(Note: All information about various group actions have been pulled from public social media statements)
Since Trump’s first presidential campaign, many liberals have been quick to bemoan the increasing social fragmentation of American society. One frequent complaint has been that both the left and the right have moved in more radical directions, flirting with forms of organizing and ideology that liberals often refer to with the catch-all term “extremism.” As the concept of the alt-right began to gain popularity, liberals were quick to apply a similar term to those to their left, referring to communists, socialists, and even some social democrats as the “alt-left.” This rhetorical move has been a part of a broader strategy of liberals and centrists to imply that the far left and the far right are somehow comparable to each other, by virtue of both being outside the bounds of tepid American liberalism. This plays into a naive horseshoe theory that liberals love–it allows them to pretend that socialists are somehow equivalent to nazis, thereby dismissing both groups.
Now that the Democratic party has consolidated around the most tepid and moderate candidate available, the liberal elite within the party have been quick to turn their ire towards those to their left who they see as a threat to a potential Biden victory in November’s general election. This has once again sparked a condemnation of “extremism” which refuses to note that there are fundamental differences between right and left-wing radicalism.
Fortunately, this sort of centrist elitism cannot withstand even basic investigation into the current activities of both the radical left and the radical right. The COVID-19 pandemic has brought to light just how stark the difference between these two camps is. We can look to each camp’s response to this crisis in order to see not only how incorrect it is to lump these two camps together under the label of “extremism,” but also how weak the liberal response to COVID-19 has been.
One thing that is clear is that COVID-19 has created an acute crisis in American society. Unemployment rates are soaring to levels unseen since the great depression, the overall economic outlook for the future looks extremely bleak, and there has been no coherent national response to the ensuing health and economic emergency. This is of course because a decentralized capitalist state like the United States is incapable of formulating such a response. The virus has laid bare the contradictions already present within the decaying husk of American capitalism, and we see now just how incapable the capitalist government is of overcoming those contradictions. Given the failure of an substantial or effective state response, both the far left and the far right have indeed mobilized under the current crisis. We can look to the differences in this mobilization in order to see just how different the goals and current practice of these two camps are, and to demonstrate how absurd it is for liberals to group both under labels of “extremism” and “radicalism” without paying any attention to the differences in class politics between the two.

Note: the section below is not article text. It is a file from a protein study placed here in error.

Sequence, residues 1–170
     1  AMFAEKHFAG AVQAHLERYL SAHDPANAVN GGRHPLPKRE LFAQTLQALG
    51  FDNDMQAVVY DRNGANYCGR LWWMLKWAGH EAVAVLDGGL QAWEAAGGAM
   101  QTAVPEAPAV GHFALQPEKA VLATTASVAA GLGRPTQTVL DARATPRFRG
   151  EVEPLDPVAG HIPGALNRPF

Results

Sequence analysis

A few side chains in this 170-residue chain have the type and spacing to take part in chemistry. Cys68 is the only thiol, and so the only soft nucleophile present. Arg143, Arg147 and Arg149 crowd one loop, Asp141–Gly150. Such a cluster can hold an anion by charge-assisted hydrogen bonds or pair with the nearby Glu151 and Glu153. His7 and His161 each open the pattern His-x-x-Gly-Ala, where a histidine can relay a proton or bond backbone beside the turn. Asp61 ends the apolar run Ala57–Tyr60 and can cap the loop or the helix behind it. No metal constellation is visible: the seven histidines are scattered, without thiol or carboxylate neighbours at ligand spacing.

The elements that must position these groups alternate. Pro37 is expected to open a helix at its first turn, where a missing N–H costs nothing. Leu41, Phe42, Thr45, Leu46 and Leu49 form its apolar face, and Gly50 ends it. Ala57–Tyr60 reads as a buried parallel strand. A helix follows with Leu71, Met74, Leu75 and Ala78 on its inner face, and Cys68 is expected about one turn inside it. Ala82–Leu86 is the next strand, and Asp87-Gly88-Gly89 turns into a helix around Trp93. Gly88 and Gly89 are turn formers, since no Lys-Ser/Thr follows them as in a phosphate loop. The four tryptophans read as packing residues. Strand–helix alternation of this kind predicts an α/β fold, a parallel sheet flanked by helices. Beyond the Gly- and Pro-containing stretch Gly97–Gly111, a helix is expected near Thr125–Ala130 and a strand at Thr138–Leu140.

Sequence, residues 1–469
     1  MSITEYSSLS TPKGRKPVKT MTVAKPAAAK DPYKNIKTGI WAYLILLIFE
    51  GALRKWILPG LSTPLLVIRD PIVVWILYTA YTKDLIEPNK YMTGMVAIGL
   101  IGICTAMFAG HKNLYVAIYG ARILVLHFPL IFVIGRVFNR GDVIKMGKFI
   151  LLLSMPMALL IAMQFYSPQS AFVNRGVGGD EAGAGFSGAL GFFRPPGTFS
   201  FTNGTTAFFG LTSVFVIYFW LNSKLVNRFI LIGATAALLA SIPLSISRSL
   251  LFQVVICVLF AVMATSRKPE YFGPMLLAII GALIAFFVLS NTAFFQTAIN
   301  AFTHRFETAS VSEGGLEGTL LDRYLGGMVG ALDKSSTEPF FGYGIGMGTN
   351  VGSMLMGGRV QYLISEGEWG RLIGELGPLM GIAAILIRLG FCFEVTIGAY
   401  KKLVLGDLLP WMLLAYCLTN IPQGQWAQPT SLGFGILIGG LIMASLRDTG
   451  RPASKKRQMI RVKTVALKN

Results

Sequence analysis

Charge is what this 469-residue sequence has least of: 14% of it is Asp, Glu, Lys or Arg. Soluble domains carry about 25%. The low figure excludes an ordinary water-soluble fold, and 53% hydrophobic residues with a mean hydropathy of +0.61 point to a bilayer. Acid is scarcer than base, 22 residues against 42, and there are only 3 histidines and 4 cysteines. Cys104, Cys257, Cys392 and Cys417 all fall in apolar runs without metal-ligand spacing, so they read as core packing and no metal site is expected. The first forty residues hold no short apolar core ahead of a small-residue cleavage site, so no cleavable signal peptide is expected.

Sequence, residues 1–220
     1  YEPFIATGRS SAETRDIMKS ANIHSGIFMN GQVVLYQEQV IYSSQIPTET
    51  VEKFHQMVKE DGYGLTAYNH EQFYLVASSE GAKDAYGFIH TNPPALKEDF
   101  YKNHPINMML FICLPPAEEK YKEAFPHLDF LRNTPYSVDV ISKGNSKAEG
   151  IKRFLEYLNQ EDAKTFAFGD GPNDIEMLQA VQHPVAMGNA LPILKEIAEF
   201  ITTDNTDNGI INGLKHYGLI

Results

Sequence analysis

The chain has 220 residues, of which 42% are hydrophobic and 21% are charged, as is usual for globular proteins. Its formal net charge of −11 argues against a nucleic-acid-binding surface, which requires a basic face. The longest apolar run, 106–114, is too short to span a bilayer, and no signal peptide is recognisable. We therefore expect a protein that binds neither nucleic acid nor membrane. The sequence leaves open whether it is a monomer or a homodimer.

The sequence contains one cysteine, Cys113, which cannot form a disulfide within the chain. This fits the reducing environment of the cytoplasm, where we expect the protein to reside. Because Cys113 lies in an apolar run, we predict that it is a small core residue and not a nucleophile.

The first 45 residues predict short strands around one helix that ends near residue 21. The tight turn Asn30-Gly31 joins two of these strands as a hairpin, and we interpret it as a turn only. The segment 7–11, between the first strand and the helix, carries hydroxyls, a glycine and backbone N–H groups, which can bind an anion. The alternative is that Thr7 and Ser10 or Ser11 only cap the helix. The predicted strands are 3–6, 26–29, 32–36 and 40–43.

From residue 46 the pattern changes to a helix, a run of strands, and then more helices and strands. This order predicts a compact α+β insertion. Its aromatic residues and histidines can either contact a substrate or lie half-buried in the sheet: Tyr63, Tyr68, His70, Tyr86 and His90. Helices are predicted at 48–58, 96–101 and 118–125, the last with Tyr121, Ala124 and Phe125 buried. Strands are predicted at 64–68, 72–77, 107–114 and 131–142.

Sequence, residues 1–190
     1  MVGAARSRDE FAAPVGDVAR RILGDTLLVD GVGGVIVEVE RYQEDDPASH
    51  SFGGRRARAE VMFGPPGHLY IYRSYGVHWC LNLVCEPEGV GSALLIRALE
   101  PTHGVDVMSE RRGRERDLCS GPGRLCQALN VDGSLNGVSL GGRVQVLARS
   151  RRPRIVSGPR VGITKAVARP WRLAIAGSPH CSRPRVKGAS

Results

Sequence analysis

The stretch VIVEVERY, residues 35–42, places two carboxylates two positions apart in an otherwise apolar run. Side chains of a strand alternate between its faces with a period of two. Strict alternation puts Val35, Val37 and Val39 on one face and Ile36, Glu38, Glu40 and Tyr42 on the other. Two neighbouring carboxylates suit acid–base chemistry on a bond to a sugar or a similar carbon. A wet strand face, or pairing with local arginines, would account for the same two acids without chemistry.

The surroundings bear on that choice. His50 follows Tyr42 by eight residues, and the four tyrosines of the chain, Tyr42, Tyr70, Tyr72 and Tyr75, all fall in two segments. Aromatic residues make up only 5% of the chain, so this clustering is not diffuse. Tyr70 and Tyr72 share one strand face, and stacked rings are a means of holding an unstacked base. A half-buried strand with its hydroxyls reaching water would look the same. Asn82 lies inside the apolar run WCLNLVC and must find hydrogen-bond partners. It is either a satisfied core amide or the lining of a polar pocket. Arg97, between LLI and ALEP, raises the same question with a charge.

The far right’s response to the crisis has been given the most attention by far. The media has paid close attention to the mobilization of so-called “anti-lockdown” protests throughout the country. A coalition of republicans, libertarians, and outright fascists have taken to the steps of state capitals to demand that the lockdown be lifted. That these protests represent the angry and pathetic tantrums of the petty-bourgeoisie is obvious. Signs at these protests have ranged from demanding that the economy reopen so that protestors can get haircuts again to open invocation of Nazi language, with some protestors holding signs emblazened with the slogan “work makes you free” (infamously inscribed on the gates of Auschwitz), and others with signs depicting Jews as rats, featuring the words “the real plague.” These signs reveal the actual politics represented in these protests: a demand that workers be forced to die for the sake of profit and businesses as well as a desire for genocidal violence to be enacted against those who stand in the way of that process.
Many of these protestors appeal to a vague sense of working class populism by pointing out the economic hardships that people are facing as a result of the lockdown, but this surface level appeal does not reflect the actual class politics of these protestors or their class composition. A quick look at the cars they are driving, the thousands of dollars in weaponry and armor they are bringing, and the general compositions of these crowds makes it quite obvious that these are not workers protesting for their own well being, these are primarily bourgeois and petty-bourgeois individuals worried that this lockdown will hurt their ability to profit off the exploitation of the working class. These are not your coworkers, these are your bosses demanding that you risk COVID exposure so they can make money. Inasmuch as there are some working-class people present at these far right protests, we should note that they are largely white working class. This demonstrates that these members of the white working class are so invested in white supremacy and the capitalist system that props it up, that they will actively work against their own class interests so long as it benefits their racial interests.